MMQB fabricated a 12-person team, lead by people like former General Manager Bill Polian, author Peter King, former QB Dan Fouts and many more, to put together an all-time NFL draft. The design was that any group drafts 25 players (11 offense, 11 defense, 1 kicker, 1 punter, and 1 wild-card player).
Here are all a Los Angeles/St. Louis Rams comparison in a draft:
#15.) DE Deacon Jones
A five-time All-Pro and eight-time Pro Bowl selection, he (unofficially) averaged 20 “sacks” a deteriorate from 1964 to ’68, and historian John Turney depends 173.5 for his career.
#34.) DT Merlin Olsen
Olsen was named to a record 14 loyal Pro Bowls from 1962 to ’75, and was a member of a NFL’s All-Decade teams for a 1960s and ’70s. He was inducted into a Hall of Fame in 1982.
#45.) CB Dick “Night Train” Lane
His 14 interceptions (in 12 games) as a rookie in 1952 sojourn one of sports’ longest-standing records.
#65.) RB Marshall Faulk
As a centerpiece for “The Greatest Show on Turf,” Faulk averaged 81 receptions, 2,255 struggle yards and 19.7 touchdowns in his initial 3 seasons as a Ram.
#83.) OT Bob Brown
A Pro Bowler for 3 opposite teams, a No. 2 altogether preference of a 1964 breeze started 124 games for a Eagles, Rams and Raiders and is famous as one of a good descent tackles of his era. Said Rams defensive finish Deacon Jones: “Bob Brown had a impersonal mentality. He’d kill a butterfly with an ax.” The five-time All-Pro was voted into a Hall of Fame by a Seniors Committee in 2004.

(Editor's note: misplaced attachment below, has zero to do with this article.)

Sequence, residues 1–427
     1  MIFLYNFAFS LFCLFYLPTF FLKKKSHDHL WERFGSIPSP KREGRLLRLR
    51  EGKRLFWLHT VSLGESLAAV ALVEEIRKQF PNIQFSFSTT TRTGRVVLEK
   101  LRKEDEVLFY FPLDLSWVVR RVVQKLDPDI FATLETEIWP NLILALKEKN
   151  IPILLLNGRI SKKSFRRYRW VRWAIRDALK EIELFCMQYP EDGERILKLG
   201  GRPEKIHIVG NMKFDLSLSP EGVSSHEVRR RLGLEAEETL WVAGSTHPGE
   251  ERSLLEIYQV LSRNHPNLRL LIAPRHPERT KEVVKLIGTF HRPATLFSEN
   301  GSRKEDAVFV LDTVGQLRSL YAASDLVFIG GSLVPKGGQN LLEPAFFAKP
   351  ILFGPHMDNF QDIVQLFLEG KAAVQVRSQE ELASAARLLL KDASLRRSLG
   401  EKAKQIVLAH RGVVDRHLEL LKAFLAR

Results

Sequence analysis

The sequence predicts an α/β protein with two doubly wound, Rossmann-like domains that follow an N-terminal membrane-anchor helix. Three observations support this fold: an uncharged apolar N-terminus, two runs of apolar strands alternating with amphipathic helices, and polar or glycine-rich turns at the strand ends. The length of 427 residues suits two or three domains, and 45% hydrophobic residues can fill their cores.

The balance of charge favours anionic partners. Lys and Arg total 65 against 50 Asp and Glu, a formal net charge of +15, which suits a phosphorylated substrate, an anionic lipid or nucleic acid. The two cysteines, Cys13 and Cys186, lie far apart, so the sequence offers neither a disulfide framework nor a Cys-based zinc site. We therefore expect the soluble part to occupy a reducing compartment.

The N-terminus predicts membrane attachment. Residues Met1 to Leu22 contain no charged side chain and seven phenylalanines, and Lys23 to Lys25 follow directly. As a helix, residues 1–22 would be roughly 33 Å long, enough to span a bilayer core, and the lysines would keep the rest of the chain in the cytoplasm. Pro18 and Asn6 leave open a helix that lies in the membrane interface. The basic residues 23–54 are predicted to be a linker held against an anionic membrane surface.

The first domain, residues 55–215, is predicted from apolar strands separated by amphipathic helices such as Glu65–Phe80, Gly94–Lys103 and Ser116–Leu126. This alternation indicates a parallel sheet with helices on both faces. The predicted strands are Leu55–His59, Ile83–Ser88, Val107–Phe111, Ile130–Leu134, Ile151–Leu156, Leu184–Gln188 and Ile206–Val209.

#90.) C Tom Mack
The second collect of a 1966 NFL draft, Mack put together 11 Pro Bowl seasons in Los Angeles in his 13-year career.
#91.) OT Orlando Pace
The No. 1 collect in 1997, a 6’7”, 325-pound Pace entered a joining with vast expectations—and somehow surpassed them all. He was named to 7 uninterrupted Pro Bowls and became a Hall of Famer in 2016.
#104.) DE Jack Youngblood
The Rams’ defensive captain was a heart of their D-line for 14 seasons. Youngblood played so good as a rookie, a group felt gentle trade Deacon Jones in 1972.
#118.) OT Jackie Slater
Slater binds a NFL record for many years spent with one team, personification a entirety of his 20-year career with a Rams. He was inducted into a Hall of Fame in 2001.
#122.) RB Eric Dickerson
Dickerson’s single-season rushing symbol of 2,105 yards, that he set in his second NFL season, still stands 33 years later.
#137.) Aeneas Williams
Williams’s wait for a Pro Football Hall of Fame finished in 2014, following back-to-back misses as a finalist. His enshrinement was usually a matter of time, given a three-time All-Pro and eight-time Pro Bowler prolonged excelled as one of a NFL’s best ball-hawking defensive backs. He finished his career with 55 interceptions and 12 defensive touchdowns (nine pick-sixes and 3 fail recoveries).
#158.) OT Ron Yary
Yary was drafted by a Vikings with a No. 1 collect in 1968, a initial descent lineman to be comparison initial overall. He spent 14 seasons anchoring a Vikings’ descent line during right tackle, earning 7 loyal Pro Bowl bids and, eventually, a bullion jacket. Yary helped a Vikings win a 1969 NFL championship and played in all 4 of a franchise’s Super Bowl appearances.
#177.) LB Kevin Greene
Greene played for 4 teams over a march of 15 NFL seasons and done a Pro Bowl with 3 of them—the Rams, Steelers and Panthers. His 160 career sacks are third-best given a stat became central in 1982. He was inducted into a Hall of Fame in 2016.
#192.) LB Maxie Baughan
A standout linebacker and core from Georgia Tech, Baughan grown into a long-lived Pro Bowl ’backer for a Eagles and Rams during a 1960s. He done 9 Pro Bowls over his initial 10 seasons. His best career highlight, perhaps, was assisting a Eagles win a NFL championship as a rookie in 1960.